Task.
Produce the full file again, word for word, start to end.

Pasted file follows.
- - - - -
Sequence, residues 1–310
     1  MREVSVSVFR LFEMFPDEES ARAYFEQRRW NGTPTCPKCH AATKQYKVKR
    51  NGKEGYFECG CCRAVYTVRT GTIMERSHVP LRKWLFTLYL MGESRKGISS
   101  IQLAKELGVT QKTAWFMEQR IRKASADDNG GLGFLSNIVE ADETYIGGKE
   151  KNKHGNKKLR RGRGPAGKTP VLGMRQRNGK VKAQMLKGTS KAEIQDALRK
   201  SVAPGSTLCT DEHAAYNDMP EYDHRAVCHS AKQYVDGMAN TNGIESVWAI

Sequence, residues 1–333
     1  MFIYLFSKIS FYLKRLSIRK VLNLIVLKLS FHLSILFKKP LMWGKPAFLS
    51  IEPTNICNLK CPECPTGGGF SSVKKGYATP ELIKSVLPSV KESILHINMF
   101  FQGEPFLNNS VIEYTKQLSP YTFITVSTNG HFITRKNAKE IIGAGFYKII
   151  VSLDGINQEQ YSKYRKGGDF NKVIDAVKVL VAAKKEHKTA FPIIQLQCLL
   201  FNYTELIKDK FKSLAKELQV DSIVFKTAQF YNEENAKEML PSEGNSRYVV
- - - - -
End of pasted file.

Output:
Sequence, residues 1–310
     1  MREVSVSVFR LFEMFPDEES ARAYFEQRRW NGTPTCPKCH AATKQYKVKR
    51  NGKEGYFECG CCRAVYTVRT GTIMERSHVP LRKWLFTLYL MGESRKGISS
   101  IQLAKELGVT QKTAWFMEQR IRKASADDNG GLGFLSNIVE ADETYIGGKE
   151  KNKHGNKKLR RGRGPAGKTP VLGMRQRNGK VKAQMLKGTS KAEIQDALRK
   201  SVAPGSTLCT DEHAAYNDMP EYDHRAVCHS AKQYVDGMAN TNGIESVWAI

Sequence, residues 1–333
     1  MFIYLFSKIS FYLKRLSIRK VLNLIVLKLS FHLSILFKKP LMWGKPAFLS
    51  IEPTNICNLK CPECPTGGGF SSVKKGYATP ELIKSVLPSV KESILHINMF
   101  FQGEPFLNNS VIEYTKQLSP YTFITVSTNG HFITRKNAKE IIGAGFYKII
   151  VSLDGINQEQ YSKYRKGGDF NKVIDAVKVL VAAKKEHKTA FPIIQLQCLL
   201  FNYTELIKDK FKSLAKELQV DSIVFKTAQF YNEENAKEML PSEGNSRYVV